This piece is a reflection of the first few months of Sriya’s clinical years experience. There are a thousand different stories all happening at the same time in the same hospital, and each of them has plenty to learn from and cherish. This piece is a reflection on the privilege that we get as learners and future providers to learn about and from others’ stories.
Dr. Michael Callegari assesses the teaching mantra in medicine, and the centrality of empathy in patient care.
Shivani Sundaram, a third-year medical student, explores the need for humanity and patience in the face of algorithms and checkboxes.
The Ward as Medicine is about how one’s fellow patients on the psychiatry ward can act as mirrors, teachers and inspirations to a patient. Specifically, it is about a mom who, hospitalized for suicidality stemming from her guilt and anger over how she has mothered her children, gets reconnected with the identity of motherhood while interacting with others on the unit.
Medical student Denisha McCurchin shares one of her final moments in the hospital with her grandmother who had a stroke. She tells the story through the senses of sight and hearing and reflects on the care she wishes her grandmother received as well as the care she endeavors to deliver as a future doctor.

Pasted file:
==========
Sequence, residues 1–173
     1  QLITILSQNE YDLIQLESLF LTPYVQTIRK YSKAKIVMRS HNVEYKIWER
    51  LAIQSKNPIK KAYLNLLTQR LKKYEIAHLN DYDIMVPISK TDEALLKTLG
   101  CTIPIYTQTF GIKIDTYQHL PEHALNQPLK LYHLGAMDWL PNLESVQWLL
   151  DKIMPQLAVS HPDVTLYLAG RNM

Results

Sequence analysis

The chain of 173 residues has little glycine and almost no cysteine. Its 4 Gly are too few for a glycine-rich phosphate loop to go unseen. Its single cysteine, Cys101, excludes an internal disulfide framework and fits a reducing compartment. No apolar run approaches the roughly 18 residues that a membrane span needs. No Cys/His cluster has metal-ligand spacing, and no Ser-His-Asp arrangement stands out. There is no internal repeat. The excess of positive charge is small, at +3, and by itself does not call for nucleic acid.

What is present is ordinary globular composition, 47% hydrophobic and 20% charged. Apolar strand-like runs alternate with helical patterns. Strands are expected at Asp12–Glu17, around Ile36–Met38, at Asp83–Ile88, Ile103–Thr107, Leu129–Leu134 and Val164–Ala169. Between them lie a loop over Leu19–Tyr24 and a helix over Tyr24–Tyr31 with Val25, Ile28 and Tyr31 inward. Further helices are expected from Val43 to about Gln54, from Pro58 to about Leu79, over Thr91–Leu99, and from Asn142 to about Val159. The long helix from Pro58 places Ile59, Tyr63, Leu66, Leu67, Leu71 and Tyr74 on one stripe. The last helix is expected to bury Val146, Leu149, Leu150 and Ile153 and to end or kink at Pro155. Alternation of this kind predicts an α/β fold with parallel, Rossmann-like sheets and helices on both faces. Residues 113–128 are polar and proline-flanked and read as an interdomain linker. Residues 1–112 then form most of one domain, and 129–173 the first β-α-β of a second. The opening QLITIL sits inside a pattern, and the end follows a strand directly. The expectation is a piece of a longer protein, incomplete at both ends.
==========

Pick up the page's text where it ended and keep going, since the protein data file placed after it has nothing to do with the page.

This essay offers a personal reflection on hospice care and celebration of life from the perspective of a medical student addressing her late grandmother.
Dr. Erin Saner reflects on the importance of underrepresented minorities and representation in clinical care and education.
Medical student Leonard Wang presents his views on patient advocacy by exploring the role of patient stories, in particular an anecdote from a recent trip to Guatemala during his winter break.
Medical student Katelyn Girtain writes about her experiences as a child of a disabled mother that contributed to the lack of proper insurance and ultimately the occurrence of preventable health issues. She also explores relevant policies and the lack of literature on the impacts of parental disability/lack of insurance on children.
This creative piece explores the internal dialogue that a gay patient has with himself when his provider fails to use inclusive language and offers a question that probes disclosure.
Medical student Shivani Sundaram underscores the daily struggles and reality faced by those with dementia and memory disorders through a recognizably “normal” conversation.